"'Is it true that great differences exist between the Americans of the North and those of the South?' he now asked.
'Yes, in Baltimore we think we can recognize a Yankee, or even an inhabitant of New-York or Philadelphia in the street.
'But what are the chief traits that distinguished the North and the South? 'I should express the difference in this way. What distinguishes the North is its enterprising spirit, what distinguishes the South is l'esprit aristocratique [spirit of chivalry?]. The manners of the inhabitant of the South are frank, open; he is excitable, irritable even, exceedingly touchy of his honour. The New Englander is cold and calculating, patient. While you are with the Southerner you are welcome, he shares with you all the pleasures of his house. The Northerner, after having received you, begins to wonder whether he couldn't do some business with you."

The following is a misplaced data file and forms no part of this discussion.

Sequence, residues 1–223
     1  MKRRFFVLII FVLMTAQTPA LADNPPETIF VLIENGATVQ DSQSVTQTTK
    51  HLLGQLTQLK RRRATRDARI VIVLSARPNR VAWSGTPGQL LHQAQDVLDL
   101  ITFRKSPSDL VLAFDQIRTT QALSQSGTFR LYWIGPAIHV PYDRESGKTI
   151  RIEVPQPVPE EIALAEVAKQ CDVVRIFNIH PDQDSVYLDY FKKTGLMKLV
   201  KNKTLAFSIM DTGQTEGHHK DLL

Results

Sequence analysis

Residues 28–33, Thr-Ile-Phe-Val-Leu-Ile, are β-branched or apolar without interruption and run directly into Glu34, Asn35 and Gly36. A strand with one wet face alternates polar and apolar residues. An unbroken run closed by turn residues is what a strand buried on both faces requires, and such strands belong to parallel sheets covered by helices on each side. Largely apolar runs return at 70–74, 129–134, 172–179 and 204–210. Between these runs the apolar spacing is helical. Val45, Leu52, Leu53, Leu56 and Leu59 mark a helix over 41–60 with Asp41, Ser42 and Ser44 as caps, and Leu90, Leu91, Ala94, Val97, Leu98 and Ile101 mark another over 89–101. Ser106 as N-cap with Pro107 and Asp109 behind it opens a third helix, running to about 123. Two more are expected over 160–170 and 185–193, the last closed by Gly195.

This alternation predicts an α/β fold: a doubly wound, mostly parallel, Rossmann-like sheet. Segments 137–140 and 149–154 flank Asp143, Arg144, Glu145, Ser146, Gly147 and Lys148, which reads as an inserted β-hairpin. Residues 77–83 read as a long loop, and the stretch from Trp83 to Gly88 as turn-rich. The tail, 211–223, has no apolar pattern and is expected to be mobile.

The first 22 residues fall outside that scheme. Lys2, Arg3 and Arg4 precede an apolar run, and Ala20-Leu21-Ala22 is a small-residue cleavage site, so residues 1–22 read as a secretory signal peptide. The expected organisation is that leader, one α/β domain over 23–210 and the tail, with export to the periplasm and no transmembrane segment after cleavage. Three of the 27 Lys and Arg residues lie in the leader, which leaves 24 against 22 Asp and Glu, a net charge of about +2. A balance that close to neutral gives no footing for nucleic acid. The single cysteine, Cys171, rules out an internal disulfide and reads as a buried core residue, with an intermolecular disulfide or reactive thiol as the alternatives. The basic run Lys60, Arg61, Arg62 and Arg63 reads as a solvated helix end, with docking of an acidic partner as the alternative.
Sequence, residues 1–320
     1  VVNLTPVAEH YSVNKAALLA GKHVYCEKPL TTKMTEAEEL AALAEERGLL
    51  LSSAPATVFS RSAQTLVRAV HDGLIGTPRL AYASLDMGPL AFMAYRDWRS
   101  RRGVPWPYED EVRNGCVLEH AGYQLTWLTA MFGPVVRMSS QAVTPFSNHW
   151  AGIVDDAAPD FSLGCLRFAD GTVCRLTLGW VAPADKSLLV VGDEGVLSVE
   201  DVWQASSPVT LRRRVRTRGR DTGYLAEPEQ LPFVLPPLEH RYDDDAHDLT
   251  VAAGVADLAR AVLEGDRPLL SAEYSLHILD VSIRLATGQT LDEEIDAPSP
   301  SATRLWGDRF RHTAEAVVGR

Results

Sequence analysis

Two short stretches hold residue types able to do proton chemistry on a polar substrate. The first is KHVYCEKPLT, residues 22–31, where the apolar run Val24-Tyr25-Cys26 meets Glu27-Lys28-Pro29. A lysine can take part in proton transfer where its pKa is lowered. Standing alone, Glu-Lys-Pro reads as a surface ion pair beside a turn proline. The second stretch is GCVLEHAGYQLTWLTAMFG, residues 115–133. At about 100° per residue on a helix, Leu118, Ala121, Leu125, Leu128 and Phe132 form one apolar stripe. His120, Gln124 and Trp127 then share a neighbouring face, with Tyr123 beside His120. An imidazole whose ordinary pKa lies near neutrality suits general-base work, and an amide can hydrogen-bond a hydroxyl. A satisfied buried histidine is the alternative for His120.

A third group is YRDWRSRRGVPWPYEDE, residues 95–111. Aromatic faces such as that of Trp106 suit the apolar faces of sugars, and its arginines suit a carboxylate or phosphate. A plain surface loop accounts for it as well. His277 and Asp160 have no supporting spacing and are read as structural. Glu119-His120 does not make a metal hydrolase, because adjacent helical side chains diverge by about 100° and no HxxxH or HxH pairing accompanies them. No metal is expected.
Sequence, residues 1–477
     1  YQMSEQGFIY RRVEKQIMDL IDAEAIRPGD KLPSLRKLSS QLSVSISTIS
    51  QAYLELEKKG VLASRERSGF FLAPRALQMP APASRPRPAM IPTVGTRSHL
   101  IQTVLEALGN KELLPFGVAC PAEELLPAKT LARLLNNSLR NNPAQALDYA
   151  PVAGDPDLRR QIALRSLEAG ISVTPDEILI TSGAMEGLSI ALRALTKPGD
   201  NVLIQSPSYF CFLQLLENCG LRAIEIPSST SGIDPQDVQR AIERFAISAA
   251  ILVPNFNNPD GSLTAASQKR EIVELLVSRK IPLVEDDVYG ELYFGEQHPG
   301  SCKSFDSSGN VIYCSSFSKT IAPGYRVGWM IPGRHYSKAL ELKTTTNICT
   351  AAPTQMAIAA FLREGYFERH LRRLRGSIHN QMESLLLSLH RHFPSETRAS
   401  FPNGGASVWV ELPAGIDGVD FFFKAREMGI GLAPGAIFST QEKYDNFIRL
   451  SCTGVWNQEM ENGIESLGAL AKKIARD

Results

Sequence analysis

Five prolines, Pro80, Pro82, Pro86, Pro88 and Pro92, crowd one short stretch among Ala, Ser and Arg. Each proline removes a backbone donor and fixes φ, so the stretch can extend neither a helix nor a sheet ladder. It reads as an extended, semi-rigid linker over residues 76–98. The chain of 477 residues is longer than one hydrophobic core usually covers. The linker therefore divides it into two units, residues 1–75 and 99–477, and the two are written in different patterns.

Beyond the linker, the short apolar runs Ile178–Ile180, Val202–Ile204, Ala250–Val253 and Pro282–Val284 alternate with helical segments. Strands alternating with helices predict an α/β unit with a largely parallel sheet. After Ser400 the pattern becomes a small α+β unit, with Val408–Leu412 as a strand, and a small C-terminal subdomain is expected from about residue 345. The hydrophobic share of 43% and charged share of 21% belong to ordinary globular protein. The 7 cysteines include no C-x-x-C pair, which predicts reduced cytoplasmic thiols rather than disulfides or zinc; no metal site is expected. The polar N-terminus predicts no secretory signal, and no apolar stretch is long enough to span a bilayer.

Tocqueville's interview with "Mr. Latrobe, a very distinguished Baltimore lawyer" (Pierson 496-497)
"So far as I can judge the Republic does not seem to me a social state as natural and appropriate to the South as it is in the North of the United States. Does this result from differences in enlightenment between North and South, or in physical constitution and the resulting differences in character in the two sections? Or, rather, [is it that] the enlightened classes are not made for leadership in a democracy; do they in the South more easily betray the secrets that the same classes in the North conceal? This is what I still do not know. What's certain is that my impression is not the same in the two parts of America. The North presents to me, internally at least, the image of a government strong, regular, durable, and perfectly appropriate to the moral and physical state of men. In the South there is in the march of affairs something feverish, disorderly, revolutionary, passionate, which does not leave the same impression of strength and durability."
Tocqueville, his diary (Pierson 509)